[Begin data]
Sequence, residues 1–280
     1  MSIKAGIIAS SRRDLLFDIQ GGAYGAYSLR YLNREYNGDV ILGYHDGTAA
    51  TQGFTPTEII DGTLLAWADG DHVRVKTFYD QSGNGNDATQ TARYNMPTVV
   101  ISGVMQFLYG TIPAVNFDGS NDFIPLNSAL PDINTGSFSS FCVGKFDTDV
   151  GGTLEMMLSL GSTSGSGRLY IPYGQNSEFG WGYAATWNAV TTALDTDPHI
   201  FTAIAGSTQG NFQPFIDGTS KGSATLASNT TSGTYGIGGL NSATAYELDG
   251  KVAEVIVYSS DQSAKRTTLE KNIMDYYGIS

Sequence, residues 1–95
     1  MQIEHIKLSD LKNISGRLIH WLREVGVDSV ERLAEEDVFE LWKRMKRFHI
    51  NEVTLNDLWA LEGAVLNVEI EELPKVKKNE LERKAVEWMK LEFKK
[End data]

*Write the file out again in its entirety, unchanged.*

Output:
Sequence, residues 1–280
     1  MSIKAGIIAS SRRDLLFDIQ GGAYGAYSLR YLNREYNGDV ILGYHDGTAA
    51  TQGFTPTEII DGTLLAWADG DHVRVKTFYD QSGNGNDATQ TARYNMPTVV
   101  ISGVMQFLYG TIPAVNFDGS NDFIPLNSAL PDINTGSFSS FCVGKFDTDV
   151  GGTLEMMLSL GSTSGSGRLY IPYGQNSEFG WGYAATWNAV TTALDTDPHI
   201  FTAIAGSTQG NFQPFIDGTS KGSATLASNT TSGTYGIGGL NSATAYELDG
   251  KVAEVIVYSS DQSAKRTTLE KNIMDYYGIS

Sequence, residues 1–95
     1  MQIEHIKLSD LKNISGRLIH WLREVGVDSV ERLAEEDVFE LWKRMKRFHI
    51  NEVTLNDLWA LEGAVLNVEI EELPKVKKNE LERKAVEWMK LEFKK